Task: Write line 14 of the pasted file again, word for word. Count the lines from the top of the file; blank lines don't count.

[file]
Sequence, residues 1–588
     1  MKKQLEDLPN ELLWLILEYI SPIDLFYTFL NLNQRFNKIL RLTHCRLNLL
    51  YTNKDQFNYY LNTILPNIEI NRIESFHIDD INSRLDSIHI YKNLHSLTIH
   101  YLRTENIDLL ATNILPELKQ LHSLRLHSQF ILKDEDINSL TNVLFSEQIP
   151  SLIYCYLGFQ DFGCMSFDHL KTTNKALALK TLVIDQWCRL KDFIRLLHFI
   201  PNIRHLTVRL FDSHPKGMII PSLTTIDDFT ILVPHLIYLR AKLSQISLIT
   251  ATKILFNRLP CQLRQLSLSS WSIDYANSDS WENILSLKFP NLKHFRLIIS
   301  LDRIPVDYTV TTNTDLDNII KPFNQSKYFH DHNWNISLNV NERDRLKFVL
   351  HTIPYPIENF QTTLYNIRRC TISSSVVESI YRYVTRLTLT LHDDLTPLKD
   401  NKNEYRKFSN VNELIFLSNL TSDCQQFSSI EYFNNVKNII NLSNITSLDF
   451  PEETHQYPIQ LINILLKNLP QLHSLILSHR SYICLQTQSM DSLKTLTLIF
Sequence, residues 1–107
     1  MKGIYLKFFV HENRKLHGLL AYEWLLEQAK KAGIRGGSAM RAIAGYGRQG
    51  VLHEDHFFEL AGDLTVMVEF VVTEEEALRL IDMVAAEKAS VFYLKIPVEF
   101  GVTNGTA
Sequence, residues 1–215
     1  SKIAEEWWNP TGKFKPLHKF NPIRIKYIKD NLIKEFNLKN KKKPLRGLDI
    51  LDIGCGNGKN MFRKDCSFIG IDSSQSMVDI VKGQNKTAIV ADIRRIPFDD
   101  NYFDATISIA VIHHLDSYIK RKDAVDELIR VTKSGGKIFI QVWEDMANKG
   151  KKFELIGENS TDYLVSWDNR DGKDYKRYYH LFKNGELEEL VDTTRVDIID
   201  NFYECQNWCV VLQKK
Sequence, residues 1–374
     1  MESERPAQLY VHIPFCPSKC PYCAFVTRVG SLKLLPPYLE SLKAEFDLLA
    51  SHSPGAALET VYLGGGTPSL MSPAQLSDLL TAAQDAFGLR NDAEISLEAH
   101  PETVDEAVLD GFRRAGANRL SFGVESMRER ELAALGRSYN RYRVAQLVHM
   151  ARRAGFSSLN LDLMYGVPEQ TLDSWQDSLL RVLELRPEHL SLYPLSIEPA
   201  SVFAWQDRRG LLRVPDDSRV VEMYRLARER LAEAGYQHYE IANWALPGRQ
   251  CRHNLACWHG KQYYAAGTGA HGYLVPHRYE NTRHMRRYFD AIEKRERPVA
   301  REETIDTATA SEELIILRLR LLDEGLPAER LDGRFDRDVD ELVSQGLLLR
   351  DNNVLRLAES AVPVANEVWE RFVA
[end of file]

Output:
    51  VLHEDHFFEL AGDLTVMVEF VVTEEEALRL IDMVAAEKAS VFYLKIPVEF